Q: Why do you consider an approach based on “negative screening” as suboptimal?

Our focus in ESG analysis is on risk identification and management. While we do use a weighted scoring matrix that analysts assign to each issuer, that is only one step in our credit selection process. We don’t just buy the highest-ranked issuers and underweight the lowest ranked.

For example, we analyzed one country’s national power company, which has the lowest credit ratings, the highest spread versus its host country’s bonds, and the highest-risk ESG score –  all of which makes intuitive sense given that higher risk equals higher spreads. The national gas producer from another country, on the other hand, has a higher credit rating, a comparatively high-risk ESG score, and yet the lowest spread versus its host country’s bonds. Several factors explain this anomaly, and as such, our investment decision goes beyond these scores.

We also do not simply walk away from lower-scoring companies. Our clients normally express their level of ESG tolerance, and we are guided by this input when aligning our positioning. Moreover, we recognize growing indications that engaging with lower-scoring companies to improve on their ESG records – rather than screening out companies based on a point-in-time ESG metric – may improve alpha potential.  

Q: Can ESG-linked EM fixed income products offer investors better returns?

Strong evidence now suggests that the addition of an ESG framework does provide an extra layer of protection, especially in periods of market stress, although the generation of stronger returns across all periods of a market cycle is still an open question. The MSCI Emerging Markets Leaders Index, a capitalization-weighted equities index providing exposure to EM companies with high ESG performance relative to their sector peers, has shown similar return performance to an equivalent non-ESG index, albeit with much lower volatility.2 In the real world, managing EM fixed income involves liquidity considerations that may limit an asset manager’s ability to simply switch in and out of weaker investments in a time of crisis. During the Covid-19 pandemic, for instance, we’ve found that companies with the weakest ESG scores performed the worst in the March selloff, but were then the top performers in the second quarter. So the answer, at least for now, is that comprehensive ESG scoring does not replace a traditional credit review process, but rather enhances it and helps provide a more forward-looking investment thesis.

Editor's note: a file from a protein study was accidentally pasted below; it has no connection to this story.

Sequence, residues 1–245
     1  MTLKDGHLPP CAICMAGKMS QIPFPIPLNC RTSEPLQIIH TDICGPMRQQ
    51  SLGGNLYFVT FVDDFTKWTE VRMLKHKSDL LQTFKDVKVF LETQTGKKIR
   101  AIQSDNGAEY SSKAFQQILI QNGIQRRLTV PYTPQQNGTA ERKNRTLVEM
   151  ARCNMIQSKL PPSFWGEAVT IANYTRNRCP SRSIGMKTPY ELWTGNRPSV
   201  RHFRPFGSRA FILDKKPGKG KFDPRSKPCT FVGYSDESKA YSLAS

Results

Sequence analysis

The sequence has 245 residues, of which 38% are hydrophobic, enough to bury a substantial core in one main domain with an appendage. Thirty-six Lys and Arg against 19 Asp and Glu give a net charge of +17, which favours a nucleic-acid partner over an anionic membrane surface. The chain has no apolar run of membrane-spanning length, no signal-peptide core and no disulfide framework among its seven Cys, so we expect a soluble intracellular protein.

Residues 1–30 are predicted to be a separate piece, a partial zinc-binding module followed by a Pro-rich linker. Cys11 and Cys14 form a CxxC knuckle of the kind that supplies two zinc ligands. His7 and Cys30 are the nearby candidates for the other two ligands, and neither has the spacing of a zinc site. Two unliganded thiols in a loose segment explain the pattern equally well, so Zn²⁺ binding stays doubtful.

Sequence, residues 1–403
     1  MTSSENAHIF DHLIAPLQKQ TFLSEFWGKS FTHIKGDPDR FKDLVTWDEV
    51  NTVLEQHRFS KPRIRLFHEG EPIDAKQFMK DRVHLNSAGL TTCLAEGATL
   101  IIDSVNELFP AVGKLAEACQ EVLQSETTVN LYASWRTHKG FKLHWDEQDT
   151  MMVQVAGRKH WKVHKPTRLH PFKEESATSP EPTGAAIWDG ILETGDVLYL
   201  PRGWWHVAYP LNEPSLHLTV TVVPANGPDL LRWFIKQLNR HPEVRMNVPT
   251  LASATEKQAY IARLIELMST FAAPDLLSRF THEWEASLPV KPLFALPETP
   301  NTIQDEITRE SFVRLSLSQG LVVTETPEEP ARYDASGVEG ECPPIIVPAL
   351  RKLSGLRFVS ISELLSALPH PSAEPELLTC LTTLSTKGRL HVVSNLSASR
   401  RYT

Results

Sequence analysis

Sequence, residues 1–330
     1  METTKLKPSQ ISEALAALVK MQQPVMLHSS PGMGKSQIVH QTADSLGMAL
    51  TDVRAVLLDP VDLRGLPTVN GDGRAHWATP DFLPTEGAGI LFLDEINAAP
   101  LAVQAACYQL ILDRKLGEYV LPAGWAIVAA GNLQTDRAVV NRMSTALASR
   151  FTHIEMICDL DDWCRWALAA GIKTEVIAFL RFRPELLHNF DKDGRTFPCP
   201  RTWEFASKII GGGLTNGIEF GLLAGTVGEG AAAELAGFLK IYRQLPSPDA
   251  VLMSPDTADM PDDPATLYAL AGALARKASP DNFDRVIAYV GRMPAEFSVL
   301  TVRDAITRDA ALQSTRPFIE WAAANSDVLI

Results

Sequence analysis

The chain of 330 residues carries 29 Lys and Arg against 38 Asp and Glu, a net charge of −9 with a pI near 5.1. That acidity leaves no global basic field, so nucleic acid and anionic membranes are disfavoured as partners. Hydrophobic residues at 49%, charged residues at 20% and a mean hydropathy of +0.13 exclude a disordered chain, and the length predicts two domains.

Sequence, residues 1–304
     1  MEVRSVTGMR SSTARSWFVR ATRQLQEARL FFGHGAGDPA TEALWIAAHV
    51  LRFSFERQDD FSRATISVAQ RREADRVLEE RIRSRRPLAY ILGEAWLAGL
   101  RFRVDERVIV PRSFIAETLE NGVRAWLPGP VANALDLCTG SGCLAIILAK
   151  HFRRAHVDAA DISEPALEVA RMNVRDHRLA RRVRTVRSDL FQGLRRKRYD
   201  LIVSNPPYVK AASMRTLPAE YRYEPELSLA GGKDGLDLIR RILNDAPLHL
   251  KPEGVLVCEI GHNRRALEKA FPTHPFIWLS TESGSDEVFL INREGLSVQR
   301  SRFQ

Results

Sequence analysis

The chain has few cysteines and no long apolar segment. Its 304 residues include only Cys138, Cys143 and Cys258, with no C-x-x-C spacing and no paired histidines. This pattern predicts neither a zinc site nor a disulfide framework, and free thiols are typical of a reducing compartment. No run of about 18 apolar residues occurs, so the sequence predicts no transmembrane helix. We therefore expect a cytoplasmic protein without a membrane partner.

Q: Is ESG investing just another investment style fad? What can investors look forward to in the future?

ESG investing isn’t like “fast fashion” – we believe the growing evidence of alpha potential from ESG analysis will prove durable over the long term.

In our view, the diversity of the investible market in EM demands an active, credit-intensive, and selective approach, and this means going beyond relying on predetermined metrics in an index. Asset managers must engage with company management teams to assess the corporate culture and controlling influences.